Online communities are discussion groups that gather around a particular topic. They take many forms: mailing lists, newsgroups, web forums, chat, and blogs. They may be moderated or un-moderated; local or worldwide; include amateurs, enthusiasts, professionals or just curious people; and cover virtually any topic, from splicing genes to home schooling.
These groups are rich sources for current information and networking. Blogs and web forums generally publish updates on hot topics before printed or online newspapers. Further, online communities may contain experts who are able to lend guidance or insight on hard-to-research topics. Many reputable magazines are beginning to sponsor blogs written by resident experts. Browse your favorite online topical magazine to see if there is a sponsored blog documenting current events and hot topics.
While online communities can be a valuable source of information, use caution. Often, the credentials of bloggers or commentators is unknown, making the information that they provide somewhat suspect. Therefore, online communities are best used once you have established yourself as a member and have listened to the 'conversation' over time. Online communities are not reliable sources for quick data, involved research, or for getting started on a topic.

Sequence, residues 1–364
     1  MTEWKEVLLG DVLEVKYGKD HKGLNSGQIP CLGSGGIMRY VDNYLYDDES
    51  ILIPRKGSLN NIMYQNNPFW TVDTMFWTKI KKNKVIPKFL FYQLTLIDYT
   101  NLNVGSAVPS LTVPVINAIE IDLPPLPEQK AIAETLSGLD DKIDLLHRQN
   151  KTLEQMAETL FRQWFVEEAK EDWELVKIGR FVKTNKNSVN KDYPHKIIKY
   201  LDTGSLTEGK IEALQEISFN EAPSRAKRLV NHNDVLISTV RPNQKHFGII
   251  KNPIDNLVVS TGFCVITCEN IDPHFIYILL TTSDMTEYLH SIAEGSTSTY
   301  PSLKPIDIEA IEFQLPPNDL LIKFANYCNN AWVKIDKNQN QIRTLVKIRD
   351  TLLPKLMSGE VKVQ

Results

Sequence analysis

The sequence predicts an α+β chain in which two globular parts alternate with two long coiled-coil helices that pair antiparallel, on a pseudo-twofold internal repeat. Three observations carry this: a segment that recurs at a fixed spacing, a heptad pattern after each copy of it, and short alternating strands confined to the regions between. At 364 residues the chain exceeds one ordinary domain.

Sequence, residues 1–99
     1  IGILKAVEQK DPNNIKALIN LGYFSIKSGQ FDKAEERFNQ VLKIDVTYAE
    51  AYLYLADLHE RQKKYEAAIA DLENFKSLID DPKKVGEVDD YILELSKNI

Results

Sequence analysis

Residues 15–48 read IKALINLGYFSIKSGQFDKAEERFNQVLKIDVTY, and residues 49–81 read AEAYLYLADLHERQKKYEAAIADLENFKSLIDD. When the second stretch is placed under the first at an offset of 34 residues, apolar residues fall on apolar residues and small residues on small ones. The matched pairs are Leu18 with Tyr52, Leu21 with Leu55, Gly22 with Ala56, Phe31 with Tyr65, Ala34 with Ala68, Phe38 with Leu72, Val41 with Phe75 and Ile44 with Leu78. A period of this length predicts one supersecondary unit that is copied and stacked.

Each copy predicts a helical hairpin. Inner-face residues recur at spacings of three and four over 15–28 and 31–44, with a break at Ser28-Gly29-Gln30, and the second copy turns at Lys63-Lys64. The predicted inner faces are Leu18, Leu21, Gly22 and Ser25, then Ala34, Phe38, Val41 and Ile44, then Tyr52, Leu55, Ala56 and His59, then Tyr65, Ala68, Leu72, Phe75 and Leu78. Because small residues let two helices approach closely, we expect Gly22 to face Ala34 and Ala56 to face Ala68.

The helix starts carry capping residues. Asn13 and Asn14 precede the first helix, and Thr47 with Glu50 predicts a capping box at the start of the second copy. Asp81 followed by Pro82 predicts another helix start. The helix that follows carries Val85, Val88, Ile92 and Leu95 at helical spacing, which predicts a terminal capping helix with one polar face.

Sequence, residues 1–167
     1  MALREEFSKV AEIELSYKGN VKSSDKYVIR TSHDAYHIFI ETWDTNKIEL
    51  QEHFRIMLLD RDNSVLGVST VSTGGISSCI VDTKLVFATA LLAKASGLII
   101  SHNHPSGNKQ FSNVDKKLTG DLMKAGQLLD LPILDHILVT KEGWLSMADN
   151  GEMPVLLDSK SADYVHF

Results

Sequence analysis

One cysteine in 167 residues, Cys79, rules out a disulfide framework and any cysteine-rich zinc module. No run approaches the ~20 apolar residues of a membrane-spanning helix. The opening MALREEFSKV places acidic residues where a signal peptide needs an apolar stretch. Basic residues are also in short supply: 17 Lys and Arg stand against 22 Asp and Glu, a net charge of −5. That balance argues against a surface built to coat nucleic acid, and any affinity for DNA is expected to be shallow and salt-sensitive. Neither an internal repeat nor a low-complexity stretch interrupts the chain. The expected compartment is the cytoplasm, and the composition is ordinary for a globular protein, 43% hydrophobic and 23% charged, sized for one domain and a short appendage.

Blogs can be run for free and with relative ease, so almost anyone can have a blog. Some people use them as a soapbox for personal, religious, political, or social viewpoints. Others sponsor blogs in a professional capacity and strive to represent a variety of issues and points of view. Most blog sites are heavily influenced by the values of the author. Be sure to read blogs carefully in order to identify bias in the information you are gathering.
Blog: Scientific American Blog Network
This blog is maintained by the editors of Scientific American. Experts and readers meet in this online community to exchange ideas on hot topics. Search by topic or keyword to find information related to your research.
Blogs written by Nature Publishing Group editors, staff and occasional guest bloggers.
CNET, famous for its computer technology reviews and downloads, has a section dedicated to blogs on a wide range of technology topics.
A site dedicate to high quality scientific blogs. Site produced in partnership with National Geographic.
A searchable directory listing of over 50,000 public listservs (mailing lists).
Google Blog Search
Find blogs and blog posts on your favorite subject.
Use ScienceBlogs to find a blog entry on a topic of interest to you. You may search or browse.[Links open in new browser window.]
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